SHLOMO PESTCOE  שלמה פּסטקאָ

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* Banjo Roots: West Africa *

* The Ekonting: A Link to the Banjo's West African Heritage *

Please note: This is not a commercial site. I do not sell or appraise musical instruments. Please do not contact me to request that I identify and provide background information on a specific instrument in your possession and/or evaluate its worth. That's a job for an accredited professional appraiser, which I'm not. That said, I'll be glad to answer questions and discuss any subject I present here, so long as that one proviso is respected.  

 

 

West African Folk & Artisan Lutes


Throughout West Africa, folk lutes are generally played by men in rural villages for personal and social entertainment. Some are primarily associated with hunter societies, herders or farmers. Related artisan lutes are played by non-griot traditional musical artisans-- that is, professional/semi-professional musicians and praise-singers who are not members of a griot family, and/or belong to a people which does not have a griot caste and tradition.

Up to the present, the conventional wisdom has been that the forbearers of the banjo were the ngoni/xalam-class lutes of the griots. However, new findings indicate that the rich diversity of folk and artisan lutes-- which have never received the same attention as their griot cousins-- may prove to be more fertile ground in the search for the banjo's West African roots.

There several major factors which distinguish folk lutes and artisan lutes from those of the griot class:

  • Construction-- Generally speaking, the vast majority of folk/artisan lute types feature bodies made of gourd. There are several forms with wooden bodies, like the Hausa molo and garaya, and the Yoruba duru. Some have bodies made from recycled metal cans, such as the Hausa kuntigi and the Gurunsi moglo. Most are classed as spike lutes because the given instrument's neck runs through the body and protrudes out of the tail end, though, there are also semi-spike types as well.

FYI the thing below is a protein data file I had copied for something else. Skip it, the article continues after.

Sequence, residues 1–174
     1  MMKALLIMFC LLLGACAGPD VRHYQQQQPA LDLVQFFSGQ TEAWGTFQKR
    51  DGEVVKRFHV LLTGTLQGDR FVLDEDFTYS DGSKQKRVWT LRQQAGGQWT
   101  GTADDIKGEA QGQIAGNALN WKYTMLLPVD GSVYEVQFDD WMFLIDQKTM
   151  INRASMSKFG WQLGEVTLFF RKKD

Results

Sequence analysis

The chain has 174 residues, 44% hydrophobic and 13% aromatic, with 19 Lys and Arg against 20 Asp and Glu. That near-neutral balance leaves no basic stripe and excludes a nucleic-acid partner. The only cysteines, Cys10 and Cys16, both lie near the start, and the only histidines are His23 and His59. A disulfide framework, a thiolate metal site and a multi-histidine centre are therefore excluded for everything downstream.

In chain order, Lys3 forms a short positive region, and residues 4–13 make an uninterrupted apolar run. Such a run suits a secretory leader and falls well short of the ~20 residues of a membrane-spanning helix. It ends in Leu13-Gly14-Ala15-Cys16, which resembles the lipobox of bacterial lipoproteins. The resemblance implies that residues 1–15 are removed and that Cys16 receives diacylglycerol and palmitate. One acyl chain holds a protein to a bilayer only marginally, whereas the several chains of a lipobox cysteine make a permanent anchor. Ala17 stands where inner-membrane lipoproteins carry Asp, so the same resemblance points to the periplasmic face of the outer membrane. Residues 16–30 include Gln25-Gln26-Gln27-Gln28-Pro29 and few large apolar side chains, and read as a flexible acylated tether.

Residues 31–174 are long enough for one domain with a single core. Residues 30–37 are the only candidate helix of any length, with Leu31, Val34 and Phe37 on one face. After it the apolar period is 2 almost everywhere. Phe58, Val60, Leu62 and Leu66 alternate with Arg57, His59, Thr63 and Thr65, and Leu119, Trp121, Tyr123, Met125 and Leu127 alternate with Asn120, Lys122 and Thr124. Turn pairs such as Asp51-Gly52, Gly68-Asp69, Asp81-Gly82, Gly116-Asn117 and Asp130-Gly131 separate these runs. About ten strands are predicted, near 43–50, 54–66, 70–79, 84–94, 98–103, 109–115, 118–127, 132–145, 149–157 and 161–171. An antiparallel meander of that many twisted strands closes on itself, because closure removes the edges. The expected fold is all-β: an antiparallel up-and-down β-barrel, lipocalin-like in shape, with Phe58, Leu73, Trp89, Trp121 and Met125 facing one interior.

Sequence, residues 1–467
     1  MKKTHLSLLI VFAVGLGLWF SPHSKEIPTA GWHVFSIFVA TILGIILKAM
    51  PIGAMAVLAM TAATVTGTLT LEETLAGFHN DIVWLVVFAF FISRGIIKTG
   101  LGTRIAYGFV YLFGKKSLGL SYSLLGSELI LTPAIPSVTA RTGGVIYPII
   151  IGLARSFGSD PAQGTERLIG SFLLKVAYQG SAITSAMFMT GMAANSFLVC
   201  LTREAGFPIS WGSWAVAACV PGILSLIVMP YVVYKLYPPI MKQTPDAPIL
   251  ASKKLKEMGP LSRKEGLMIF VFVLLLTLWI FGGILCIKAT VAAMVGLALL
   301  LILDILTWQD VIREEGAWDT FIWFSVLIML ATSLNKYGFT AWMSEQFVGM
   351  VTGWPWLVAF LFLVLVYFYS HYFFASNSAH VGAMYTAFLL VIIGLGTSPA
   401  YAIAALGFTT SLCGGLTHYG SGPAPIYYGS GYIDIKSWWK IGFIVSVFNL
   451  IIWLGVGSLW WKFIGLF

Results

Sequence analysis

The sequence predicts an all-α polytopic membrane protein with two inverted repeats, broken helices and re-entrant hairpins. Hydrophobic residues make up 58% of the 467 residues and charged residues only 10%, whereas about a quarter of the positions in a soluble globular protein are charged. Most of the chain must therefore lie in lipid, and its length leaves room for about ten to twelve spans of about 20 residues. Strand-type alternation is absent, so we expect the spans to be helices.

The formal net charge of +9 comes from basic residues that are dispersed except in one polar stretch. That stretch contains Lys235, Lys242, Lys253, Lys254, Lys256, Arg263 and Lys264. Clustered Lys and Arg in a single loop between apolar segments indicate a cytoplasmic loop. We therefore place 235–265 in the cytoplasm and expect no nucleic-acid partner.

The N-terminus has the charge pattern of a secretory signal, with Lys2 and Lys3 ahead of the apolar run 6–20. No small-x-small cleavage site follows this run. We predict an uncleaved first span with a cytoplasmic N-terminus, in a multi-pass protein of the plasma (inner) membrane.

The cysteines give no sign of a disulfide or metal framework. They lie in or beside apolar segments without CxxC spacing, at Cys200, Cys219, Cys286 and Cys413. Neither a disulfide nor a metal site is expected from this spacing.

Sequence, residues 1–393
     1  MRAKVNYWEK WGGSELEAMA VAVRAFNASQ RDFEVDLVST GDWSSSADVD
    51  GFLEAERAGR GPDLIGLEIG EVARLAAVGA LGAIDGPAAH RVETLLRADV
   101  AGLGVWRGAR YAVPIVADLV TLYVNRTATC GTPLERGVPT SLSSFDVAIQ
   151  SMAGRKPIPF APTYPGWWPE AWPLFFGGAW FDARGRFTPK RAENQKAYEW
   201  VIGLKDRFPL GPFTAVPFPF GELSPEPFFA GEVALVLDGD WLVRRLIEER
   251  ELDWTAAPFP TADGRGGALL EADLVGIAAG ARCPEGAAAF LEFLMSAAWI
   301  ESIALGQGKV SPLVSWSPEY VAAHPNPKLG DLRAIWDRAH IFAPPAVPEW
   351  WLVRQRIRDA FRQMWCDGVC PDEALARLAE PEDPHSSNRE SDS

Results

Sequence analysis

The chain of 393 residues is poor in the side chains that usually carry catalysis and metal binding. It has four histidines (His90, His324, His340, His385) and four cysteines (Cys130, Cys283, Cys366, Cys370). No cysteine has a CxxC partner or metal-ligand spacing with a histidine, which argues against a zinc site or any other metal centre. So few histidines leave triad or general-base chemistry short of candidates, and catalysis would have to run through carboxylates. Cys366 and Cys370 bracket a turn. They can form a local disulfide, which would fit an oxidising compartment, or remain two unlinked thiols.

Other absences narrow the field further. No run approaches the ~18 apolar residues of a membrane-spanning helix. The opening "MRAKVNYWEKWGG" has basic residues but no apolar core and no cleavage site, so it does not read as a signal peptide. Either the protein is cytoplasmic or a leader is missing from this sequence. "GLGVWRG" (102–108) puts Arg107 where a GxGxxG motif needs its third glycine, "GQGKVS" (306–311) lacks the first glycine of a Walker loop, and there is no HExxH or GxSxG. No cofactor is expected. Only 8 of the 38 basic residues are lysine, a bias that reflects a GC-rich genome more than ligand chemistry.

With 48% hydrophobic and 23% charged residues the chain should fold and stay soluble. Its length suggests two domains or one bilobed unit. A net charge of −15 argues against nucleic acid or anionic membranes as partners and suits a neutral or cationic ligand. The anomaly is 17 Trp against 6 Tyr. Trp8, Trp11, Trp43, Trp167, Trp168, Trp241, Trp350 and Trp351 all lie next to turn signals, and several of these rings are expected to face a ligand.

• Bridge-- Unlike the fan-shaped bridge of the griot lutes, the bridge of every type of folk/artisan lute rests on the top of the body's skin head. The most prevalent type of bridge is called a cylinder bridge, typically made from a wooden dowel or stick. (On some folk/artisan lutes, such as the Hausa gurmi and the Kilba gullum, the cylinder bridge is actually a hollowed-out tube containing seeds for percussive effect.) There are also instruments, like the Jola akonting and the Manjak bunchundo, which have two-footed bridges shaped like an upside down "u," akin to those found on North African plucked lutes, as well as those depicted on the early gourd banjo prototypes of the New World. The bridge of the Hausa wase (below, right) is perhaps the most unique in that it's actually fitted under the skin head to create a small ridged mound on which the strings rest.

 

The aforementioned distinctions are also evident in the gambra lute played by Mauritania's haratin, black/mulatto Mauritanians descended from freed slaves. Whereas the tidinit lute of the Moorish iggawin (the bardic entertainers' caste) is a wood body instrument akin to the West African griot lutes, the haratin gambra (also genbra) is a single-string folk lute with a round gourd body. 

Examples of West African folk/artisan lutes include:

Gourd-Bodied                                                                                                                                              

  • akonting (Jola. Gambia and Guinea-Bissau)
  • bunchundo (Manjak. Gambia and Guinea-Bissau)
  • busunde (Papel. Guinea-Bissau)
  • gambra (Haratin. Mauritania)